misssylviadrake (misssylviadrake) wrote,

Lost in Austen: "We must not reproach ourselves for unlived lives" (3)

Dear friends,

I've carried on my study of the free post-modern adaptation of Pride and Prejudice, the 2009 min-series, Lost in Austen, written by Guy Andrews, directed by Jeff Zeff, produced by Kate McKerrell.  I've written about it as a whole as a loving parody-pastiche, Dreaming the Austen movies, and now have been going through it more carefully scene-by-scene, and discovered one thematic shaping is a Harrowing of Amanda's Dream -- where, unlike Austen, Amanda goes through a public humiliation by Darcy, a severe scolding and ejection which shows her that her ideas of a pillow-world of comfort were all wrong.  That was the first five episodes.  I've gone on for four more, and discovered both modern depths of understanding and a troubling narrow approach to women's sexuality.

This is another blog made up of transcripts, commentary on transcripts and stills from the movie.  It first concentrates on Jane and Bingley's relationship and then moves to Darcy and Amanda's.

I understood how deeply this one goes and how much went into it when I reached Part 9 and watched the scenes at Pemberley in the garden where Darcy now altering slowly as he falls in love with Amanda, tries to be host to a shooting party on the lawn.  Jane (Morven Christie), Mr Collins (Guy Henry) and Amanda (Jemima Rooper) stand to one side, he later murdering a peacock; under an awning Wickham (Tom Riley), Caroline Bingley (Christina Cole), Mrs Bennet (Alex kingston) and Lydia (Perdita Weeks) sit, while Bingley (Tom Mison) is driven to slaughter birds by Darcy (Elliot Cowan) as sanity (the ironies are so multiple).  Bingley is bitterly angry at Darcy and Darcy will not admit he has done anything wrong.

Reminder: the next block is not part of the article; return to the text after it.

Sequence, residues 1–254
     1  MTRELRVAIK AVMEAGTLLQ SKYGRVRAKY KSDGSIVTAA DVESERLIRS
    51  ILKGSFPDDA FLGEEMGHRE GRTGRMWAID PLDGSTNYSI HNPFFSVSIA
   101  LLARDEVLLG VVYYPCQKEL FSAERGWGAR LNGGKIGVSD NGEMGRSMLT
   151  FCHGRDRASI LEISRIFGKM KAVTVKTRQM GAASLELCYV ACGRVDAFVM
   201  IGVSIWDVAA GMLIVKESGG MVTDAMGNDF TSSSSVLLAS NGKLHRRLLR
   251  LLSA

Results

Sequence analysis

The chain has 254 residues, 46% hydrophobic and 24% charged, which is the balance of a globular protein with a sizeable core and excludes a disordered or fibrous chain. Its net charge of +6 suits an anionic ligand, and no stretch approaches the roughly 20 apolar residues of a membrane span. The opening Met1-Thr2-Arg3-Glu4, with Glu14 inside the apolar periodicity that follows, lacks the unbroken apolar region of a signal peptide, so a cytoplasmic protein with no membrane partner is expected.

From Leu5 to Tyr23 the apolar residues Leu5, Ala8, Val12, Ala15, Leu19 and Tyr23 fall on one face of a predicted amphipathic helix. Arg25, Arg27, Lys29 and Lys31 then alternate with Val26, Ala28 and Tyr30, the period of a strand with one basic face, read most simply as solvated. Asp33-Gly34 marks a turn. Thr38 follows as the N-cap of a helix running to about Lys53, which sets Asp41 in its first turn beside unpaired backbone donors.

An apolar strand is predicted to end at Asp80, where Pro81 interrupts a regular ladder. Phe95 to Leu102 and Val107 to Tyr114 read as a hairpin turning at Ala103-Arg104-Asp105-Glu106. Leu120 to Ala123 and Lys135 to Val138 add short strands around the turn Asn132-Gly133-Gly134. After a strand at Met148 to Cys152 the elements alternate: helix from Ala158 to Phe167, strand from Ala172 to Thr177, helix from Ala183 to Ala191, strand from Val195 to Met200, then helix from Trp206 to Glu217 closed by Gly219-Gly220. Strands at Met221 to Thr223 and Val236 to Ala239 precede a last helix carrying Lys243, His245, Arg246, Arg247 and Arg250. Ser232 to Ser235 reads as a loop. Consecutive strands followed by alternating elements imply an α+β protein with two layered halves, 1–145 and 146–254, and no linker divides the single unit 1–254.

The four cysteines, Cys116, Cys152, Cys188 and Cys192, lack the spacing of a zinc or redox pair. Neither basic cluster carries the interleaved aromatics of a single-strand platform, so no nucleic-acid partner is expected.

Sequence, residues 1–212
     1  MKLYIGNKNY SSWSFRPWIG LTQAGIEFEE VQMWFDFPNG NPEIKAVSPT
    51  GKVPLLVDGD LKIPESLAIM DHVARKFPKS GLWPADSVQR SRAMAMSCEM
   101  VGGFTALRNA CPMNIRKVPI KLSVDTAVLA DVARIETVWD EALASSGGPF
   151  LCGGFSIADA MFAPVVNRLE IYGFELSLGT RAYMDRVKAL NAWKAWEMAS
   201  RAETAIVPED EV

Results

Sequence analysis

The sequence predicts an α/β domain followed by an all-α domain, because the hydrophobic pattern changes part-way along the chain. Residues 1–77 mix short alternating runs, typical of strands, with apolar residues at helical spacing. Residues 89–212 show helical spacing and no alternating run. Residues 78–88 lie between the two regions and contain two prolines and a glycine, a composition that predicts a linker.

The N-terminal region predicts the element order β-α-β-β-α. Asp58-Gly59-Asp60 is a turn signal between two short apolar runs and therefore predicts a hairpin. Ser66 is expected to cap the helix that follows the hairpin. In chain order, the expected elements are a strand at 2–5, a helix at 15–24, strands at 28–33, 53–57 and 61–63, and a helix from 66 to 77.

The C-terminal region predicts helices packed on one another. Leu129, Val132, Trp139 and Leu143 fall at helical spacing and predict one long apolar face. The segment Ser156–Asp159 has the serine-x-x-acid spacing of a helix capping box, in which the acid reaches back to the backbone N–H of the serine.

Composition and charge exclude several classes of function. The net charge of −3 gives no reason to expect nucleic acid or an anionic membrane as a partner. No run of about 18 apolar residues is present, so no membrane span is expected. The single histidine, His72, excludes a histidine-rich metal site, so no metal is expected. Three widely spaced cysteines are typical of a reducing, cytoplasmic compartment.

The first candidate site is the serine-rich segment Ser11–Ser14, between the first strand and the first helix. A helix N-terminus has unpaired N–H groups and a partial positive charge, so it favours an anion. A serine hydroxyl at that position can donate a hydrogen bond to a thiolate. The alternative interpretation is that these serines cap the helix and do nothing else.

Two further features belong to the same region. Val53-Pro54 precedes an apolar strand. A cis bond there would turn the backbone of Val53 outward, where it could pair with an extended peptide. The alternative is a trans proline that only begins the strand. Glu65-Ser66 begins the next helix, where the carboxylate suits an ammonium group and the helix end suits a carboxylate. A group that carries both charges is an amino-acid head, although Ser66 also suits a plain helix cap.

The moment was when Jane approached Bingley:

Bingley drinking
Jane comes over to him: Mr Bingley. Oh I am glad to see you, sir.  In a moment my husband will send for me I have not long to say what I must say. We must accept what has occurred you and I. We must not reproach ourselves for unlived lives. I married Mr Collins and it may not be undone.  But you Mr Bingley you must cast off this regret. This is your moral duty, to be happy, Charles ... but you can and soon [I couldn't catch it, something about if you don't all] turns empty and bitterness

Mrs Bennet watching, upset look [even] on her face [but we don't know the cause for sure as yet; later we learn she feels intense remorse as she identifies with Jane now as someone in a loveless marriage:

Jane continues: Marry and be happy for us both.

He walks off.
She cries, hand to her face.